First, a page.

Walz, John, 57
Warner, Edwin F., 248
Warner, Elmer, 339
Watson, George L., 329
Watson, Walter L., 264
Weaver, James W., 187
Weaver, Phaon C, 392
Weaver, V. B., 381
Weiss, The Family, 457

Weiss, Thomas, 459
Weiss, Webster C., 460
Weiss. William H., 459
Wentz. Charles W., 495
Werner. Jeremiah F., 2a
West, Daniel C, 321
Westmoreland, G. E. H., 169
Whetstone, Milton A.. 325
Whitelaw, W., 136
Wilford, H. H., 368
Wilhelm, Peter, 146
Williams, Charles K., 127
Williams, Frank C, 127
Williams, J. T., 125
Williams, Wilson O., 463
Williamson, Peter, 470
Williamson, William S., 385
Wimmer, Harrison S., 350
Wirebach, L'rbaniis S., 151
Wise, Clark C, 364
Wise, Frank S., 365
Wolle, John F., 265
Wolle, Samuel C, 260
Wood, James W., 113

Yeager, Robert J., 66
Yeakel, Solomon, 317
Voder, Daniel, 338
Voung, Robert E., 469
Voungman, Robert B., 32

Zehnder, Daniel, 174
Ziegler, Herman F., 298
Zoll, Nathaniel, 340


TRAILL GREEN, A. M., 11. D., LL. D.,
was born ^Nlay 25, 1813, in Easton, Pennsylvania.
At an early period in the colonization of the new
world, the Green family, of which he was a rep-
resentative, was established in the western part
of New Jersey by William Green, a native of
England, who on crossing the Atlantic established
his home on Long Island, and during his brief
residence there became acquainted with and mar-
ried Joanna Reeder, who was a native of Nor-
folk county, England, belonging to the old Reeder
family of that locality. It was not long after his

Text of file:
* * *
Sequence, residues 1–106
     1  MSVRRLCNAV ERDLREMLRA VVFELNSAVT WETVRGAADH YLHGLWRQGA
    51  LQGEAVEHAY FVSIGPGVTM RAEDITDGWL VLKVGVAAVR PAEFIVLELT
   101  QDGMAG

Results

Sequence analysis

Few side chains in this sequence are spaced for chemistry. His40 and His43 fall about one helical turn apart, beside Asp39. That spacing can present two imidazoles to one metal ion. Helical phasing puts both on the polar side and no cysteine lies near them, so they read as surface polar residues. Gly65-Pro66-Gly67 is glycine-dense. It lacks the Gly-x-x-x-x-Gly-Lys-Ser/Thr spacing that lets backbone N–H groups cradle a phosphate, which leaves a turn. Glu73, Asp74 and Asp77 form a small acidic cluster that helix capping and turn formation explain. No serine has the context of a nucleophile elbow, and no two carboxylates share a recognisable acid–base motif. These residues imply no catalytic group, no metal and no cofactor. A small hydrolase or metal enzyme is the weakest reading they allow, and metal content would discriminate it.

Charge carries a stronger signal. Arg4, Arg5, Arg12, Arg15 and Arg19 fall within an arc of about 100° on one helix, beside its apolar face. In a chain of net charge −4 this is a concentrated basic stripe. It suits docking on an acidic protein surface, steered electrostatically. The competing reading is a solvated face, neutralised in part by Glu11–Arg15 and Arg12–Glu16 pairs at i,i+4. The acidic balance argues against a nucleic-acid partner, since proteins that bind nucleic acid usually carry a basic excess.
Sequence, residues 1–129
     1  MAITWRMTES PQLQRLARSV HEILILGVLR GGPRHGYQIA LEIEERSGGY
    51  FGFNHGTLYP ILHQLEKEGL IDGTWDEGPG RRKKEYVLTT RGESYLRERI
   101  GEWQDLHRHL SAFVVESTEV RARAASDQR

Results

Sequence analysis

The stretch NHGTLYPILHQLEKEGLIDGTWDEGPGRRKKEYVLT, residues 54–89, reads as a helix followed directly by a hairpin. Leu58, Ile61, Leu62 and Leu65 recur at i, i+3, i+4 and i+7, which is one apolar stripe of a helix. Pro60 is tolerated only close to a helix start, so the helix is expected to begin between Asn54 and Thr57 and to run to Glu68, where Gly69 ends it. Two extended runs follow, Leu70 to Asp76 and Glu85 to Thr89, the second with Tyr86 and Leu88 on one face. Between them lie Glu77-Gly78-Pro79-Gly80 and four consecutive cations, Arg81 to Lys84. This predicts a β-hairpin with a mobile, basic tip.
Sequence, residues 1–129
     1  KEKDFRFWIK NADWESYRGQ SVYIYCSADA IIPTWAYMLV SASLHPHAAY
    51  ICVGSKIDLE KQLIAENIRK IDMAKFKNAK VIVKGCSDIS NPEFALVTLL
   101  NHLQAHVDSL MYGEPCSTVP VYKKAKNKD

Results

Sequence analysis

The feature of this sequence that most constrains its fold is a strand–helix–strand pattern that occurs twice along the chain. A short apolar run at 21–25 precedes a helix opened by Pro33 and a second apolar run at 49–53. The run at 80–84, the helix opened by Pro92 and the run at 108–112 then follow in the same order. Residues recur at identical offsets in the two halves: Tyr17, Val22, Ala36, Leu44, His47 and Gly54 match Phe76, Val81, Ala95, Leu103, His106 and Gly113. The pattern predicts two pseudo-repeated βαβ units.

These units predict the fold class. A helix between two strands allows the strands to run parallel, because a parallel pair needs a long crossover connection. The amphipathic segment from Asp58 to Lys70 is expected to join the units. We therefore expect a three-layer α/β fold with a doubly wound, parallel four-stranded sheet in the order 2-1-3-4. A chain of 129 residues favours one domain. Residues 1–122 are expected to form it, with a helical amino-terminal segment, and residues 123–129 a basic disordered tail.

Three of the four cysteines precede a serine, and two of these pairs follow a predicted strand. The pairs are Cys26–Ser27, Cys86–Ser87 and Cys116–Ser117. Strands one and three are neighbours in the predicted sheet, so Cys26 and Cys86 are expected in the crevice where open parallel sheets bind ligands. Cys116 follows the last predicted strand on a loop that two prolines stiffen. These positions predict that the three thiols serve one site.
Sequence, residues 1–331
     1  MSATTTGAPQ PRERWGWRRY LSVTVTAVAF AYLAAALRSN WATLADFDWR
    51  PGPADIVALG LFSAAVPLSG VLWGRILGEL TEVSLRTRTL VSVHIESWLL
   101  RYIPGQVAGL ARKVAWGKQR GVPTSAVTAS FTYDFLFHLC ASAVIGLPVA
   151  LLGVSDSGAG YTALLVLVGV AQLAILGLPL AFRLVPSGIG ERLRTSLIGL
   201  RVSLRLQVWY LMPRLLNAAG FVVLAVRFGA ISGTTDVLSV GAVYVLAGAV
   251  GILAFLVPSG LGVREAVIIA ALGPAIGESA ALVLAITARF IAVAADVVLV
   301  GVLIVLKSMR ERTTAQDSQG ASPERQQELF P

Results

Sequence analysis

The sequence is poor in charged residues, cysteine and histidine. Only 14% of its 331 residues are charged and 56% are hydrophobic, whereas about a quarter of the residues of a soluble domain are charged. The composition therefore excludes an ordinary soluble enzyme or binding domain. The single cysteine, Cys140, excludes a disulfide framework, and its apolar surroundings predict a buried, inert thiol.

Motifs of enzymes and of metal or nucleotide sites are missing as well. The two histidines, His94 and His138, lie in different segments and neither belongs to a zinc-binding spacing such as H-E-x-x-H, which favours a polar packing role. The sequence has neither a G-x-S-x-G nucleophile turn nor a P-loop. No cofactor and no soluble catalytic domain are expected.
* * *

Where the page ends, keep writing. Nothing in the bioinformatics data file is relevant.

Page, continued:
marriage that William Green and his wife re-
moved to Hunterdon county, New Jersey, set-
tling in Ewing township about 1700. He was
influential in community aftairs, occupying vari-
ous positions under the English crown, including
that of judge of the court of common pleas. His
death occurred in 1722.

His eldest son, Richard Green, married Mary
Ely, of Trenton, New Jersey, who was also of
English lineage, a daughter of George and Jane
(Pettit) Ely, who were members of the Society
of Friends, and belonged to a family whose rep-
resentatives were found in Pennsylvania as well
as New Jersey. .Richard Green died in 1741.

Richard Green, Jr., the eldest son of Richard
and Mary (Ely) Green, died in 1797 and was
the grandfather of Dr. Traill Green. He married
Phebe Moore, a daughter of Nathaniel i\Ioore
(1687-1759), who removed from Long Island to
Hopewell, New Jersey, in 1708. He was a son
of Captain Samuel Moore, a prominent advocate
of religious liberty in 1690, and a grandson of

Rev. John Moore, of Newtown, Long Island, who
died in 1657, and whose active participation in
affair began as early as 1641. He is spoken of as
"one of the most interesting characters of that
early period." Rev. John Moore was an "indepen-
dent." Benjamin Moore, rector 01 Trinity church,
New York, second bishop of New York, and pres-
ident of King's College ; Nathaniel F. Moore,
president of Columbia College ; Clement C.
Moore, professor of Hebrew in the General Theo-